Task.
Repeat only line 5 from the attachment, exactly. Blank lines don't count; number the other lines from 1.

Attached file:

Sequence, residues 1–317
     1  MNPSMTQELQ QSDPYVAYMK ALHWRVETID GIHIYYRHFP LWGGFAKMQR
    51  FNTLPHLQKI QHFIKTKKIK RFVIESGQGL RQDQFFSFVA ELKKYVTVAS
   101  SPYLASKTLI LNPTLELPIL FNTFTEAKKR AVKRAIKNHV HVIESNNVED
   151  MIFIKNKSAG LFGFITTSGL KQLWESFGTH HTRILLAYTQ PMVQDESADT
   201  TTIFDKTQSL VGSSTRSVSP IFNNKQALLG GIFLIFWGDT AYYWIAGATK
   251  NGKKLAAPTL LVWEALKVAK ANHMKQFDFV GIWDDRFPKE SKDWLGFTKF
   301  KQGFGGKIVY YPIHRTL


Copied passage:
   151  MIFIKNKSAG LFGFITTSGL KQLWESFGTH HTRILLAYTQ PMVQDESADT